“Nucleus RTOS support for ARM TrustZone provides system developers with the ability to meet the highest levels of safety and security for critical applications for heterogeneous OS-based systems,” states Scot Morrison, general manager of runtime solutions, Mentor Graphic Embedded Systems Division, “ARM TrustZone isolates the general purpose operating system, bare metal or Nucleus RTOS in the normal world from the secure application running in Nucleus RTOS in the secure world.”

IoT wearables, portable medical devices, home automation systems, and other smart connected devices are routinely designed with limited system resources to reduce power consumption and extend battery life. Designed for low data rate IP-driven communication, IPv6 over Lower Power Wireless Personal Area Network (6LoWPAN) is an adaptation layer that can be used to connect resource-limited IoT devices to the internet using IP network links like Ethernet, WiFi, or low power wireless connections. The Nucleus RTOS enables the development of IoT devices with 6LoWPAN to allow the low power exchange of data using TCP, UDP, CoAP transport protocols with compatible application layer security protocols such as DTLS. The use of IPv6 addressing allows every IoT device to have a routable IP address to facilitate internet and cloud access using the standard IP network infrastructure. For low power devices, embedded IoT developers can use 6LoWPAN over 802.15.4 wireless communication. With the Nucleus RTOS, IoT end nodes can be connected, monitored and updated using cloud-based services.

By Ron Press, Mentor Graphics

Three-dimensional (3D) ICs, chips assembled from multiple vertically stacked die, are coming. They offer better performance, reduced power, and improved yield. Yield is typically determined using silicon area as a key factor; the larger the die, the more likely it contains a fabrication defect. One way to improve yield, then, is to segment the large and potentially low-yielding die into multiple smaller die that are individually tested before being placed together in a 3D IC.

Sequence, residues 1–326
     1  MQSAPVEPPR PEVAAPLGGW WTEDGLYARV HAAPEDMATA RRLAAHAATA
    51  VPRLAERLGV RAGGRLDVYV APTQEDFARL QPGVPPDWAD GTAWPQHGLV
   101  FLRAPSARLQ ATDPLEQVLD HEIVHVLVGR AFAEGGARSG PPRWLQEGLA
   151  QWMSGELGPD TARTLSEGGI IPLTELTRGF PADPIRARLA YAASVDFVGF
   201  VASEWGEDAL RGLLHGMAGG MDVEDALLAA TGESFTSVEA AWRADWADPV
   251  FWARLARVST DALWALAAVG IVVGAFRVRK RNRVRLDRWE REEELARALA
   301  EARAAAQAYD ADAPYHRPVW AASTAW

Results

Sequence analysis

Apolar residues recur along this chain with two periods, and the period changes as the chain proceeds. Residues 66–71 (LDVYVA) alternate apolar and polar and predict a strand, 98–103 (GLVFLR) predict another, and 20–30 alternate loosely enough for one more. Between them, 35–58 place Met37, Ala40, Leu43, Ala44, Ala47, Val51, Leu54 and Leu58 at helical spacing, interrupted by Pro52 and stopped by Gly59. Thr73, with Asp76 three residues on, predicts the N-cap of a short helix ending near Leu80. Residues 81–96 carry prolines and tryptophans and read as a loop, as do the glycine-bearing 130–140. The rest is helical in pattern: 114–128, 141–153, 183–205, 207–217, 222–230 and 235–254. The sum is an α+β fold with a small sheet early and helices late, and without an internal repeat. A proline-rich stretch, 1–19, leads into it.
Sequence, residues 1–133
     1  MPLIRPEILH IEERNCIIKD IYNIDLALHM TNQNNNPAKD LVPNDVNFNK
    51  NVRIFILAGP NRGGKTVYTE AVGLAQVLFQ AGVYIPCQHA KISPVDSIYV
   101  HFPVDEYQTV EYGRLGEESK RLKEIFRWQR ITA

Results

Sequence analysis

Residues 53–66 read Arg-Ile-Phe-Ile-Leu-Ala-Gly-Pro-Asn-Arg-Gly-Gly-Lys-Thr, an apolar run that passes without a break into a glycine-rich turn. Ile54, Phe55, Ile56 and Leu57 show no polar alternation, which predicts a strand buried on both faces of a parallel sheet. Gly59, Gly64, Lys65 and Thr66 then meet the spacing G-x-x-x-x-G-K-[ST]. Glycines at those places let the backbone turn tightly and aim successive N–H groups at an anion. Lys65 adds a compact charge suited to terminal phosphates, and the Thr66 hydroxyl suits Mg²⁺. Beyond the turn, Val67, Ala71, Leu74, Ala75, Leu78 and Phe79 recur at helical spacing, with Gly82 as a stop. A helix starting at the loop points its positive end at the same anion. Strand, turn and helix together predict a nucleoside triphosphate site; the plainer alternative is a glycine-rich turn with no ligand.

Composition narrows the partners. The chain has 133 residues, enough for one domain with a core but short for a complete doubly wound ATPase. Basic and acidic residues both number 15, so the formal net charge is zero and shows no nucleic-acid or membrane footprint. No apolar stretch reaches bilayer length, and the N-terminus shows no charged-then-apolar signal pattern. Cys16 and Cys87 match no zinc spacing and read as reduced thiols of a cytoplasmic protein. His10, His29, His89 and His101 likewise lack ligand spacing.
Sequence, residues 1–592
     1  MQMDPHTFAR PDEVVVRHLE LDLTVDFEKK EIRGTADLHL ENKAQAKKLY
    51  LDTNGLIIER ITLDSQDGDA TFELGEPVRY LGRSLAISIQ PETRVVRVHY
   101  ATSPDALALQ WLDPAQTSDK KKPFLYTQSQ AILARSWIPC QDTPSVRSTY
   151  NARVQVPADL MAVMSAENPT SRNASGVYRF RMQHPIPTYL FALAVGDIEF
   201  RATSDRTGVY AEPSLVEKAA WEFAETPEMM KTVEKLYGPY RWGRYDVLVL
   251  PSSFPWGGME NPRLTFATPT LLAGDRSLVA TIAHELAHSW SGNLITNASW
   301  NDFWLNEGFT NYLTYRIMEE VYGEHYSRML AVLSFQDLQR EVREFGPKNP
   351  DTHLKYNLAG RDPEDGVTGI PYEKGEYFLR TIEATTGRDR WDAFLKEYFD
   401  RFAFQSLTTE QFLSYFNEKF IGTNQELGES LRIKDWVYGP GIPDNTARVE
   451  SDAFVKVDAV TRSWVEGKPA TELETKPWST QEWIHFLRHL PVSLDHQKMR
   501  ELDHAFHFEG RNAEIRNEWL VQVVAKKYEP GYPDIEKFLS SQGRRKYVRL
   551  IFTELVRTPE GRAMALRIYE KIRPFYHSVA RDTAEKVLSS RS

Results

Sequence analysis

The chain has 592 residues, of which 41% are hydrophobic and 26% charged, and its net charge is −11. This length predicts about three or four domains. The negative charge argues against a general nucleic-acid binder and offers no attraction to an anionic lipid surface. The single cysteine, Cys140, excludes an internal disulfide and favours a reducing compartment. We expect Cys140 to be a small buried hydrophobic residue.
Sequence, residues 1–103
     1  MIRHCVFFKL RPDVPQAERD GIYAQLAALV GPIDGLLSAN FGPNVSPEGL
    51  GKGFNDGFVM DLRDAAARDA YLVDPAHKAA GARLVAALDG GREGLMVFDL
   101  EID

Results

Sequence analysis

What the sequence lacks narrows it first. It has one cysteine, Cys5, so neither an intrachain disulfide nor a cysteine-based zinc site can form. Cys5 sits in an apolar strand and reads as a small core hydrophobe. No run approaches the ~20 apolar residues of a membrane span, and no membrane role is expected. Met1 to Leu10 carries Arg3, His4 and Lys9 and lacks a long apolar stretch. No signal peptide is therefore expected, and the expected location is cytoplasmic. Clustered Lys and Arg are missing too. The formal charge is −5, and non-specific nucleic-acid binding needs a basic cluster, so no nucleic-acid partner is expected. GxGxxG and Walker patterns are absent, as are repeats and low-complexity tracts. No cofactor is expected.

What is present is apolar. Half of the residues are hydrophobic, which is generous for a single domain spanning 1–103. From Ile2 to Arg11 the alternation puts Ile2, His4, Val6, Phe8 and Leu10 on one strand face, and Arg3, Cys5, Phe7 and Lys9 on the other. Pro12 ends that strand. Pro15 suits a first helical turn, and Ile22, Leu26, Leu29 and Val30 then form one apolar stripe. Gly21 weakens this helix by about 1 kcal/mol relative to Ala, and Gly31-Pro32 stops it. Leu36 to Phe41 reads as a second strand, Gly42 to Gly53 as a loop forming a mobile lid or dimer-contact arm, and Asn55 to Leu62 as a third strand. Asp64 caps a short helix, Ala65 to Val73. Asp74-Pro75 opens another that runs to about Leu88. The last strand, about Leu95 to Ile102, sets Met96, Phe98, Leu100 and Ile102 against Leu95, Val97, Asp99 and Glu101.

But 3D ICs require some modification to current test methodologies. Test for 3D ICs has two goals: improve the pre-packaged test quality, and establish new tests between the stacked die. The basic requirements of a test strategy for 3D ICs are the same as for traditional ICs—portability, flexibility, and thoroughness.  A test strategy that meets these goals is based on a plug-and-play architecture that allows die, stack, and partial stack level tests to use the same test interface, and to retarget die-level tests directly to the die within the 3D stack.

A plug-and-play approach that Mentor Graphics developed uses an IEEE 1149.1 (JTAG) compliant TAP as the interface at every die and IEEE P1687 (IJTAG) networks to define and control test access. The same TAP structure is used on all die, so that when doing wafer test on individual die, even packaged die, the test interface is through the same TAP without any modifications.

When multiple die are stacked in a 3D package, only the TAP on the bottom die is visible as the test interface to the outside world, in particular to the ATE. For test purposes, any die can be used as the bottom die. From outside of the 3D package, for board-level test for example, the 3D package appears to contain only the one TAP from the bottom die.

Each die also uses IJTAG to model the TAP, the test access network, and test instruments contained within the die. IJTAG provides a powerful means for the test strategy to adjust to and adopt future test features. It is based on and integrates the IEEE 1149.1 and IEEE 1500 standards, but expands beyond their individual possibilities.

Our test methodology achieves high-quality testing of individual die through techniques like programmable memory BIST and embedded compression ATPG with logic BIST. The ATPG infrastructure also allows for newer high-quality tests such as timing-aware and cell-aware.